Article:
• I was so psycho about her napping in her swing instead of her crib which would make it impossible to get stuff done cause I didn't want to wake her... even if she was used to noise, its just common curtesy to be as quite as you can when someone is sleeping... Lesson learned: I could have maybe put her swing in her room instead... but instead I wasn't really thinking at all!
  • And while I look back at all the pictures I have of her, I am SO glad I have them. But I feel like I put too much pressure on myself over them... I would scroll through millions of photos on pinterest thinking, "WHAT THE HECK! These are so adorable! Why don't I have these kinds of photos??" and I just made myself crazy over stupid stuff like I don't have good enough lighting in here, our sheets should be white, our furniture should be white, our walls should be painted, and we need people to take photos of us playfully laughing and smiling at our baby that allowed about 2 hours of sleep total the night before. Too. Much. Nonsense. Lesson learned: Who cares =] As long as we have pictures thats good enough!
I digress. Enough stress! Your mama instincts are way better than any advice anyone has. Don't get me wrong, some tips and tricks can be great. I have learned a lot from other mamas I admire and respect, but there are things that you will know about your child better than anyone else. Just make sure you take the advice as just that... advice... not the rule. The bond between you and your baby is the most incredible thing, and in all of the stressing its only because of that famous saying "we only want the best for our child". Just be careful as to whose "best" we are going off of. Let me tell you, You are a perfectly imperfect mom. And THAT is the beauty of motherhood.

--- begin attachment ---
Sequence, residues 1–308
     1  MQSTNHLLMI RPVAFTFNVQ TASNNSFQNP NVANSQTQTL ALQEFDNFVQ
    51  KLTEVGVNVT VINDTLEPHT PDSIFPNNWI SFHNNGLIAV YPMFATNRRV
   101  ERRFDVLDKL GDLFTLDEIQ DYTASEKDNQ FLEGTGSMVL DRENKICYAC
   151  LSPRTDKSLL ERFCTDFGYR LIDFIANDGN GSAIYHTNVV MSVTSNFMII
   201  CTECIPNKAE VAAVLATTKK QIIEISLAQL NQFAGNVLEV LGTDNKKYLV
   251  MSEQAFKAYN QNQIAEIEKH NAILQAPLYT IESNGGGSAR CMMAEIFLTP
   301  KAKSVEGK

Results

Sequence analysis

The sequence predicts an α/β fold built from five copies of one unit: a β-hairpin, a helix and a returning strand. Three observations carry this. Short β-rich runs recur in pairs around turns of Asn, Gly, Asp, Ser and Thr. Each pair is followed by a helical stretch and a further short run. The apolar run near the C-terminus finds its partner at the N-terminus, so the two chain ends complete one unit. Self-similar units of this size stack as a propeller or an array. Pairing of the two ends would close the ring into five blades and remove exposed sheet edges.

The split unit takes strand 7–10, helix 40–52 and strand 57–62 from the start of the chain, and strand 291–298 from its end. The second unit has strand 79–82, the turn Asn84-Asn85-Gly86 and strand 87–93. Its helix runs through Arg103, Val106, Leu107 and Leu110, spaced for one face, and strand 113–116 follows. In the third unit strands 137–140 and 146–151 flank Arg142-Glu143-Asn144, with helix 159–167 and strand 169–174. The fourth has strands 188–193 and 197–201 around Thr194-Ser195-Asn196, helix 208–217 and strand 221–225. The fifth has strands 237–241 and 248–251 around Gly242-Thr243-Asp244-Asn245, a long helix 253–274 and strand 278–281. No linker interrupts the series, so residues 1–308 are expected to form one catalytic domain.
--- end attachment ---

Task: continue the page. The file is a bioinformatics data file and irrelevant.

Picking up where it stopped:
These are the moments I looked forward to! =]

"The greatest thing she learned is that there's no way to be a perfect mother, but a million ways to be a good one." -Jill Churchhill


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  2. Hi I came across your blog and I LOVED it! You take realllllly CUTE pictures I have to say! I'm new to this whole Blogger thing but I look forward to reading your posts! :]

    1. Thank you so much! Ive never taken classes on photography but have learned so much just snapping a ton and playing with them so its good to hear they aren't too shabby ;] Have fun blogging!! Its so great to be able to look back on old posts, hope you love it as much as I do!

  3. Oh goodness girly! Your post so perfectly describes what a new mom goes through whether some are capable of admitting it or not. I experienced all the same struggles and emotions as you. It was nothing like I thought it was going to be and yet, nobody can prepare you for all the different emotions you'll be going through. Having a baby is the absolute best thing in the entire world, but it also can be very trying, and depressing when you aren't living up to the expectations you've put on yourself because a "book" or a "friend" told you it's the right way to do something. Good for you for realizing this so early into little Faith's life and being so open and honest about it all. I've learned the best thing I can do for my own sanity is to take everything ONE DAY AT A TIME. More than that is sooooo overwhelming.
    I totally enjoyed reading this post. You're such a fabulous mama and Faith is so blessed to have such a fun, honest, loving Mom.